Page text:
With this much to spend, you could undertake larger scale extensions or take on a unique build to totally transform your home life. Below, we list some of the options.
A kitchen extension
Adding a kitchen extension is the perfect opportunity to improve the entire ground floor of your home, with a simple change of layout, the introduction of natural light and the addition of appliances that could make your life easier
Love the look of our lead shot? Pamela and David Grant demolished a traditional conservatory at the rear of their 1920s semi in Edinburgh to make way for their contemporary open-plan kitchen/breakfast room (top). The 48m² project cost £1,720 per m² – just over £82,000 in total – and includes a garden room and toilet as well as the kitchen extension. The kitchen extension has a steel structure and large areas of glass, including a roof light which spans the width of the building. The couple say the new space has totally reorientated the house and the way they live in it.
Detached-house loft extensions
Extending the loft on a large semi-detached house and converting the existing roof space will cost £850–£1,450 per m² and, at this budget level, you could add two good-sized bedrooms and a bathroom, or one very generous master suite with dressing and shower rooms. In England, quite substantial loft conversions are still covered by permitted development rights. Larger conversions and those involving the addition of a window facing the highway will require planning consent. Building regs apply to all work.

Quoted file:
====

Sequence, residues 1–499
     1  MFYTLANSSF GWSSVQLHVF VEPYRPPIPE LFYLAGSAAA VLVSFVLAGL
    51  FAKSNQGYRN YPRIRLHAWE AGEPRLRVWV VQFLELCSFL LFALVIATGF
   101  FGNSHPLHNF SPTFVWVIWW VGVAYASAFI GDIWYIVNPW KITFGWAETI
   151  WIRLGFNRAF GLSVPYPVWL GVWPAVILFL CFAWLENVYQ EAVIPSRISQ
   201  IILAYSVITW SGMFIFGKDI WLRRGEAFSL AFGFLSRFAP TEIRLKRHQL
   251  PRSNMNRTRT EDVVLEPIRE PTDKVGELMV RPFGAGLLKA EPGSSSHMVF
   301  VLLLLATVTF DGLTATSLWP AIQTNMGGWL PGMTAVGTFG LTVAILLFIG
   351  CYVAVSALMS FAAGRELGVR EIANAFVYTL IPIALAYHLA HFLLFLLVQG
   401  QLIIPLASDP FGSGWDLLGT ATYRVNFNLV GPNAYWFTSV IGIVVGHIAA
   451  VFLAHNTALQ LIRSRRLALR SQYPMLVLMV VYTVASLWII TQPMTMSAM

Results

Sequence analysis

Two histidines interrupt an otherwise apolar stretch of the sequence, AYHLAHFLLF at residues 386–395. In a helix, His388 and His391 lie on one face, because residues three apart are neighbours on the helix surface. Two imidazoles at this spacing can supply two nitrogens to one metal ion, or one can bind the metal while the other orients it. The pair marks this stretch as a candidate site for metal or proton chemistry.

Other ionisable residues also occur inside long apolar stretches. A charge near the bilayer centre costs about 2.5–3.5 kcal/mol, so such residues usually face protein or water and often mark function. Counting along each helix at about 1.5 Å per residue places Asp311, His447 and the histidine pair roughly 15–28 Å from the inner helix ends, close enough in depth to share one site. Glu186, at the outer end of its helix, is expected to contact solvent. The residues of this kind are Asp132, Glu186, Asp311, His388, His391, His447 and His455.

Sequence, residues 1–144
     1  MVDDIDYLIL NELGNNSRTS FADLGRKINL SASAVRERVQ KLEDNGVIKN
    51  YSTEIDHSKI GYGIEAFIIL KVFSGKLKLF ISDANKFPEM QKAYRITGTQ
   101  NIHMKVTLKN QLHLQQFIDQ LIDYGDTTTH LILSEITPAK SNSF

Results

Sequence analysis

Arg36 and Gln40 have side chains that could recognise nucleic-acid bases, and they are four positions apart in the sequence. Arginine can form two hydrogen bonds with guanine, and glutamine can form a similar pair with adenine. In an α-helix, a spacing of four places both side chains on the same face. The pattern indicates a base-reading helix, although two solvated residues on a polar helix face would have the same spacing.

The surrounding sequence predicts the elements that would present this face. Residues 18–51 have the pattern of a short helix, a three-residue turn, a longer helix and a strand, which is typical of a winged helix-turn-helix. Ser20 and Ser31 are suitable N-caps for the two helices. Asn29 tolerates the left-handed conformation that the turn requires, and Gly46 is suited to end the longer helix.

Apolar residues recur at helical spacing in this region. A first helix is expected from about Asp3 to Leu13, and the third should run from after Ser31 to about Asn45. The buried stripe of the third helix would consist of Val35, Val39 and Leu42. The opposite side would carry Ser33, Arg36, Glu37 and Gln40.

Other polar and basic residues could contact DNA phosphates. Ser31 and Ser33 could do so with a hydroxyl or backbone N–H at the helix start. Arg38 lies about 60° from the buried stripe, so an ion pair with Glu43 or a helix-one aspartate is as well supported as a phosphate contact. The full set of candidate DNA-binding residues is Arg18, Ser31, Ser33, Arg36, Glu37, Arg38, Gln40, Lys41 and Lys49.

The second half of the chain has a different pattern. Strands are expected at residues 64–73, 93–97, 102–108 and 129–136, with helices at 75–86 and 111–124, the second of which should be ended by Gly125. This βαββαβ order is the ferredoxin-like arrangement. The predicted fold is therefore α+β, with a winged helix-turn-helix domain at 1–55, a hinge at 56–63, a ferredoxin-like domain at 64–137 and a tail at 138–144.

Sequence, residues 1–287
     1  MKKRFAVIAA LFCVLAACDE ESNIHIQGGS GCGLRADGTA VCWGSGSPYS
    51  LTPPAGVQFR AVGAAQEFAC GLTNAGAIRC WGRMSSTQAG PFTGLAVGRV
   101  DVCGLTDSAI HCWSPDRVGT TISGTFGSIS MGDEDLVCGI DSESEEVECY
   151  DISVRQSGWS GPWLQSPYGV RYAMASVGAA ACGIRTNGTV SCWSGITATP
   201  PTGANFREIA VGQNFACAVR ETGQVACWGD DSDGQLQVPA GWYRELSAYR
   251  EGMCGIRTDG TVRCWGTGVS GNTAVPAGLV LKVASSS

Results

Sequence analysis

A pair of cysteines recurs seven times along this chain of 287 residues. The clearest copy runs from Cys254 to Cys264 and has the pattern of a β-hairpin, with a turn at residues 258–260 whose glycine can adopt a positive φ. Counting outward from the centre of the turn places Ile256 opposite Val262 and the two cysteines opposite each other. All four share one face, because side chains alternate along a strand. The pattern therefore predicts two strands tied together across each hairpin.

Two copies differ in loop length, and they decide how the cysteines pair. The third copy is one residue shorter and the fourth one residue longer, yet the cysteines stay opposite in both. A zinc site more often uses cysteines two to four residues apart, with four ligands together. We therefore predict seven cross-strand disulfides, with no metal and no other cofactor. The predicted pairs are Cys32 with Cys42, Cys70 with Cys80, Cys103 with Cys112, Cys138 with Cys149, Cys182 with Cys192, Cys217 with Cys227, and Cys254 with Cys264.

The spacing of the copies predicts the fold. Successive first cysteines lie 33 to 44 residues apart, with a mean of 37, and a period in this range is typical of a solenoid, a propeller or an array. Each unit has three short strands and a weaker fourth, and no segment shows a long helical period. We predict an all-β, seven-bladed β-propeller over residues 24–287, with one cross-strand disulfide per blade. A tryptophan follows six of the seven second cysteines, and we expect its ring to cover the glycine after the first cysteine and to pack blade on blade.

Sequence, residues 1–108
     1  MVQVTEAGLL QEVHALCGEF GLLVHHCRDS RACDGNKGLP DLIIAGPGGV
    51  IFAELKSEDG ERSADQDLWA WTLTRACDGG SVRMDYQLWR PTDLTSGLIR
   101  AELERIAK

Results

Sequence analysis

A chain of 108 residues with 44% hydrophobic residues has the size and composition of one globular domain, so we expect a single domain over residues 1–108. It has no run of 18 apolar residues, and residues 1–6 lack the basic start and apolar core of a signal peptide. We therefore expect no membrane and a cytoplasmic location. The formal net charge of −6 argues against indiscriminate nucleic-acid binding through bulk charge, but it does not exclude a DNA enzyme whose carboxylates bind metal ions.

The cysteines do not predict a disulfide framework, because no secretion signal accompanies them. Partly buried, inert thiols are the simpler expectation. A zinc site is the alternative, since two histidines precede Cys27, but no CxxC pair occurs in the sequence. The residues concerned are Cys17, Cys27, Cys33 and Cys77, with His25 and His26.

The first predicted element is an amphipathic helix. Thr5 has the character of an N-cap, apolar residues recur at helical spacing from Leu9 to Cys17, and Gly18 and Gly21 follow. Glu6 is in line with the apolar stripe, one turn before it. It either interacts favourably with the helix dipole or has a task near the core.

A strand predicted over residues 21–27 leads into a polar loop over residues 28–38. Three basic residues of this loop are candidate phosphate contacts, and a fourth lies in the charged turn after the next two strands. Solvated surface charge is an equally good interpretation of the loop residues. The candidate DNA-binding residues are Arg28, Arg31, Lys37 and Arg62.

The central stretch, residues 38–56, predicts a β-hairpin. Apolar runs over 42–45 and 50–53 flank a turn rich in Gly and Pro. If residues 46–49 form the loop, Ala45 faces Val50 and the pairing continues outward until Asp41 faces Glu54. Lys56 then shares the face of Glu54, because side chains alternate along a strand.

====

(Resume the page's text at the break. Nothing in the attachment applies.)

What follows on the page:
Two-storey side or rear extensions
Two-storey extensions can cost £1,050-£1,450 per m², so with this budget you could extend by at least 35m² — sufficient space to add a large kitchen and/or living room extension on the ground floor with two new bedrooms and a bathroom above. A large two-storey extension is likely to require a planning application, so approach your local authority about this and for its advice on building regs.
A classic way to enlarge a Victorian/Edwardian semi-detached or terraced house is to extend straight out at the rear across the full width of the property, filling in the alley alongside the kitchen – often referred to as the side return. This is frequently combined with a second-storey extension above the original kitchen, creating an additional bedroom.
This type of build involves opening up both the original rear and side walls of the kitchen at the back of the house, inserting steel beams so the new and old spaces become one. Such a project may also involve adding a small downstairs cloakroom/utility room and diverting the existing drains with the addition of a new inspection chamber in the garden.
While a single storey may come under permitted development rights in England, extending on two storeys and right up to the boundary is likely to require planning permission wherever you live. As usual, remember that building regs must be observed.
Frameless glass extensions
Glass extensions is very impressive and can work with any style of building, but it can cost £3,000-£4,000 per m². A large budget should be sufficient to pay for an extension measuring 15-20m², enough for a small dining room at the back or side of a property. Because of the specialist engineering involved, it is perhaps best to hire a specialist design-and-build firm – try GlasSpace or IQ Glass. They will handle building regs and a small extension is unlikely to require planning consent.
Digging out a basement area beneath your house is just about the most expensive way to extend, but in a high-value area and with all other options exhausted, it may be the best option. At a typical cost of £3,000-£4,000 per m² including light wells, even such a large budget will not go very far, creating perhaps a 15-20m² basement – ideal for an office or games room.
Read more about extending:
- Smaller budget? Check out the projects you could do for £30,000 to £50,000
- Even smaller budget? You can still extend your home for between £20,000 and £30,000